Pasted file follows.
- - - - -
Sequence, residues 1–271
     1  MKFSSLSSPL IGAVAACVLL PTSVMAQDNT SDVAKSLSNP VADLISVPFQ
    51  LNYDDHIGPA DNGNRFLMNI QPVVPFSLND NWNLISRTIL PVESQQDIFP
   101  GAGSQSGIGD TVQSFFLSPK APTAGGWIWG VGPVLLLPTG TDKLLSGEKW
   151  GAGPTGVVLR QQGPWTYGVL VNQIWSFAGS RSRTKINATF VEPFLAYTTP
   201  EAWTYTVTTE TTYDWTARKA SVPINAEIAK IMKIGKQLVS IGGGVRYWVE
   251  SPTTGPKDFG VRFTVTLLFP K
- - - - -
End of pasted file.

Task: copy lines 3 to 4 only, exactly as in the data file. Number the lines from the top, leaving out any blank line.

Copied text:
    51  LNYDDHIGPA DNGNRFLMNI QPVVPFSLND NWNLISRTIL PVESQQDIFP
   101  GAGSQSGIGD TVQSFFLSPK APTAGGWIWG VGPVLLLPTG TDKLLSGEKW